posted by ssg at 10:28 AM on October 31, 2012 [1 favorite]


    Hey, I know this study! Kay Teschke and Conor Reynolds are colleagues of mine at UBC. Kay is lead author of this study. If anyone has any questions for her I could pass them along.

    This study has had a huge effect locally -- it has been a major justification behind the implementation of Vancouver's newish downtown separated bike-only lanes, which were created by eating a lane on the road, blocking it with concrete barriers, splitting it into two-way lanes, and adding turn restrictions for cars. They have been hugely controversial in terms of prioritization of road traffic, but thankfully there has been no debate about how they improve safety. The study also shows that people are more likely to use separated paths, especially less experienced cyclists, so the construction of new separate paths will increase the number of trips by bike. Because of this study, we know firmly that separated bike-only lanes support the City's goals for increasing bike trips and improving safety.
    posted by PercussivePaul at 10:30 AM on October 31, 2012 [7 favorites]


    Toronto's Mayor Ford has removed bicycle lanes on the logic that cycling is dangerous.

    I'm deeply offended by the suggestion that Fords & co. have based a single decision on a even a shred of logic.
    posted by tapesonthefloor at 10:32 AM on October 31, 2012 [1 favorite]


    Under normal circumstances, having someone call out to you shouldn't cause you to panic. A multi-use trail is not the place to lose yourself in reverie, and as a pedestrian, you have responsibilities just like everyone else. One of those is to expect and be aware of other trail users and react appropriately to their presence.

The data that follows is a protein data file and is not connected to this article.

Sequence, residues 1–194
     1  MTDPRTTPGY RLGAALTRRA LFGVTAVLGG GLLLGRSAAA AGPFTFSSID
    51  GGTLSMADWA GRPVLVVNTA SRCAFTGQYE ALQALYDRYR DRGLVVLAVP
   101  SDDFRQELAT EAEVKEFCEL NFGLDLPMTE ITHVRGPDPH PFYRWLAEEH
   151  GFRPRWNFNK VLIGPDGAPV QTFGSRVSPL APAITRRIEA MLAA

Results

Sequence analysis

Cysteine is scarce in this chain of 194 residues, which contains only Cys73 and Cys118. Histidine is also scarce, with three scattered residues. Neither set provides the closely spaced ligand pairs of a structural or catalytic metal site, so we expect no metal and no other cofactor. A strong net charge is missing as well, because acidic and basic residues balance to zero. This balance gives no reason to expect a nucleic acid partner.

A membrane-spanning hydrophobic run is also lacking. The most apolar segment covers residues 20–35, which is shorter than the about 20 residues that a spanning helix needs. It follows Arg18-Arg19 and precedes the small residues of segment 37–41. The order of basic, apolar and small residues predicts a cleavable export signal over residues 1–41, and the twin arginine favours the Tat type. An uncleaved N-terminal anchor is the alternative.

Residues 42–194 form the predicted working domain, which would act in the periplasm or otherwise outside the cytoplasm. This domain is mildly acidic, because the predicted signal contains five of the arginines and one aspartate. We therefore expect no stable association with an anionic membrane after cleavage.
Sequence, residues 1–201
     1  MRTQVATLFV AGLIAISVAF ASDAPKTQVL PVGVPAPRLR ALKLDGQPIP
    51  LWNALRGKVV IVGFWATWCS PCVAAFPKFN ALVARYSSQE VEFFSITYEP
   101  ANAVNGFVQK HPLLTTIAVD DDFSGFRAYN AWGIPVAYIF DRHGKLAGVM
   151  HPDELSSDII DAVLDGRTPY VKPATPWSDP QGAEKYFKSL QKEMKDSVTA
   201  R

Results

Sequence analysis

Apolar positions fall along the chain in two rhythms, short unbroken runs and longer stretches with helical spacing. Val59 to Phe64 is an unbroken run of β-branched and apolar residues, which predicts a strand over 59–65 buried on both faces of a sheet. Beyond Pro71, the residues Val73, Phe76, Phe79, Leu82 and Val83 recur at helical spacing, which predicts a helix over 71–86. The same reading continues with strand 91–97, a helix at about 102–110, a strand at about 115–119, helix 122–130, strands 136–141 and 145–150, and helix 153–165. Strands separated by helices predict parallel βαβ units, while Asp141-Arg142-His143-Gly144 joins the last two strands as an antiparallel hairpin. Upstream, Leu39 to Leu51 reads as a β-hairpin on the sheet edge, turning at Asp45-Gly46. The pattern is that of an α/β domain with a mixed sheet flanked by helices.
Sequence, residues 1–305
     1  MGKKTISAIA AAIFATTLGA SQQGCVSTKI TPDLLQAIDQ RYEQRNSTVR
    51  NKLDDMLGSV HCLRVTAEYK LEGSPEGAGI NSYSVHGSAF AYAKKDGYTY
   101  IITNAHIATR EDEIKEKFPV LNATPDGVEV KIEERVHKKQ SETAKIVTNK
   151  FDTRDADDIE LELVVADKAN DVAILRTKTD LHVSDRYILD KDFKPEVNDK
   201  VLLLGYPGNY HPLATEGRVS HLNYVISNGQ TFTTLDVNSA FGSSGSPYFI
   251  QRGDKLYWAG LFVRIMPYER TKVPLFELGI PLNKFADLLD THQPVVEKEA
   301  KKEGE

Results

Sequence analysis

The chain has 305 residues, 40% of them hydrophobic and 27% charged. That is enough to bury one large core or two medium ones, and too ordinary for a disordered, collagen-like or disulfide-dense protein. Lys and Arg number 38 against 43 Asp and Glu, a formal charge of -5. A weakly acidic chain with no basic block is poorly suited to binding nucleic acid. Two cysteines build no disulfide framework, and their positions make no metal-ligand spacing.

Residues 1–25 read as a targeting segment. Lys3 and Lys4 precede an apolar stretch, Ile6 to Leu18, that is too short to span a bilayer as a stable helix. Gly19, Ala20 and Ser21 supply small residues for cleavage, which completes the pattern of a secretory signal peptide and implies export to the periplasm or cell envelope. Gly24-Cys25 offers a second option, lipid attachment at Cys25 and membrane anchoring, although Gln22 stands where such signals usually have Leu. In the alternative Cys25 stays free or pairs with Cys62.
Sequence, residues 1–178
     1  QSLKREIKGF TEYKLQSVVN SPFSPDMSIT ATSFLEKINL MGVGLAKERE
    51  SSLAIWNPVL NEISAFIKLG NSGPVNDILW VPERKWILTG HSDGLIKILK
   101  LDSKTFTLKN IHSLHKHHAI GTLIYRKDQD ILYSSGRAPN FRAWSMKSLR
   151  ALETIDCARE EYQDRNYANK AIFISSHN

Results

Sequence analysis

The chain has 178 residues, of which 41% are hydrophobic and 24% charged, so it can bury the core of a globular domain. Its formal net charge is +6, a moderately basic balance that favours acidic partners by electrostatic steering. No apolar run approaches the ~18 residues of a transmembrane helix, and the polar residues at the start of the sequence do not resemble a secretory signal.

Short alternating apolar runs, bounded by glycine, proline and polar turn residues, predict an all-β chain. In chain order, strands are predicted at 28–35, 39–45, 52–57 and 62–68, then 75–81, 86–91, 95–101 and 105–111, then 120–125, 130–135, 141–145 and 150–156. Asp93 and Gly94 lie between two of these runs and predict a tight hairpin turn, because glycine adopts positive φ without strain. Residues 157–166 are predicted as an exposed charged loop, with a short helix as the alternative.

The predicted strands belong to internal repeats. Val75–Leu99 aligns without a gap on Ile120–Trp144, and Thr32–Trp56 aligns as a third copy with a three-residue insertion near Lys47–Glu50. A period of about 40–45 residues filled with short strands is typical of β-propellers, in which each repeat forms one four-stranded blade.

You can demand that every cyclists slow to a speed that you feel comfortable with, or you can recognize that there are context-specific behaviours that you are expected to adopt. Just like everywhere else.


    Panic is obviously an overstatement, but I think being startled by unexpected noises is not, like, crazy, and I was talking about sidewalks, not multi-use trails. You can talk all you want about how you think people "should" behave, but in my experience, cyclists yelling out or ringing a bell mostly causes people to look up and stop. If most people aren't behaving according to your expectations, then you should revise your expectations.

    I'd also say that "you can recognize that there are context-specific behaviours that you are expected to adopt" could be equally applied to anything in this discussion. I'd like cyclists to adopt the "context specific" behavior of biking slowly on sidewalks because doing otherwise is dangerous and runs counter to the (general, I think) rule that pedestrians have right of way on the sidewalk. You can yell "on your left" all you want, legally, I don't have to care.